Itai Reuveni

The Antisemitic Protest in Berlin: Another Wake-up Call for Europe

NGO Monitor presents information about Samidoun in the European Union Parliament (March 2023) (rights are free to use by NGO Monitor)
NGO Monitor presents information about Samidoun in the European Union Parliament (March 2023) (rights are free to use by NGO Monitor)

“Death to Israel. Death to the Jews.”  Shockingly, these chants were heard at “anti-Israel” protests in the Berlin neighborhoods of Kreuzberg and Neukölln, over Passover.

The demonstrations were co-organized by a group called Samidoun – part of a network of NGOs connected to the Popular Front Liberation of Palestine (PFLP), designated as a terrorist organization by the EU, US, Canada and Israel. (In March alone, the PFLP took responsibility for two separate shootings against Israelis)

This incident serves as just the latest reminder of the close connection between antisemitism, terrorism, and the network of virulently anti-Israel NGOs.

Numerous research publications have demonstrated how  hate rhetoric contributes to the rise of violent antisemitism in Europe, and eventually to violence in general. Actions and statements by groups like Samidoun constitute a threat to the safety of European citizens, particularly Jews.

This is far from the first example of Samidoun involvement in incitement to violence. In October 2022, the organization organized a march in Brussels, where participants donned the headbands of the Lions’ Den terror group, praised Hamas military leaders who murdered Israeli civilians, and even called for “the defeat of the European Union”. In August 2022, Samidoun’s German branch shared on Facebook pictures of a gunman, with the words “No one will surrender the rifle.” Cataloging every such example would be too onerous in this space.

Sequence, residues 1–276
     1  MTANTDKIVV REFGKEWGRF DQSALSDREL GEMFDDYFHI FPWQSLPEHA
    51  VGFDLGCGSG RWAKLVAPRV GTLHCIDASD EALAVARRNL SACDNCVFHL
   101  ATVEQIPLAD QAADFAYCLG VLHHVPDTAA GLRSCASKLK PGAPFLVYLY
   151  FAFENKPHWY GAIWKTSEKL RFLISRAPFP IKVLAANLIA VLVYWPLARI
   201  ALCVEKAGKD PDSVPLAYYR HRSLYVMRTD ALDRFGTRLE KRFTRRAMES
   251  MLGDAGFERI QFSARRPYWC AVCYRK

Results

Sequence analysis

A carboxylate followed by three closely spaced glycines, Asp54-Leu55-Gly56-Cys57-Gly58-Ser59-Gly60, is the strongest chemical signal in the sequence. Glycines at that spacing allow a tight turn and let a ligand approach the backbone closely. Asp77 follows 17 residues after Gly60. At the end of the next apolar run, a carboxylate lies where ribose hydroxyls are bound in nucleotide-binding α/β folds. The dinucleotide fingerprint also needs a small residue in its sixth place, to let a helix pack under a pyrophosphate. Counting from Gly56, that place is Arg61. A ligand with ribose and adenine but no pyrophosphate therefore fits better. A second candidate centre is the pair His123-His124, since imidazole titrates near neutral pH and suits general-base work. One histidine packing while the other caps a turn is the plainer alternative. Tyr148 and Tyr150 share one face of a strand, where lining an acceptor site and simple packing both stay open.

The misuse of NGOs by terror organizations to spread hatred is a worldwide phenomenon. Iran has a global network of civil society organizations, with connections to the IRGC. Hezbollah manages some of its activity abroad with NGOs, and even Hamas has its affiliated NGOs in Europe acting freely.

In the case of the PFLP, NGO Monitor open source research uncovered a network of 14 Palestinian NGOs (including Samidoun), funded by the EU and European Governments. All had board members and key officials with ties to the PFLP terror group. The publicly available evidence connects over 80 NGO board members, officials, and employees to the PFLP, including those involved in the murder of 17-year-old Rina Schnerb in 2019. Overall and most absurdly this network of NGOS has received €210 million in funding from the EU and European governments over the past decade, under facades including human rights and development aid.

Although Samidoun is the only NGO in this network for which there is no established information on European government funding (it does not publish financial information), it is a crucial player in this network. As such, analyzing its activities serves as one of the ways to understand how this network influences the rise of extremism in Europe.

Founded in 2012, Samidoun is the international activist wing of the PFLP, aiming to coordinate PFLP social protests and activities abroad, and cooperate with other European and Palestinian NGOs.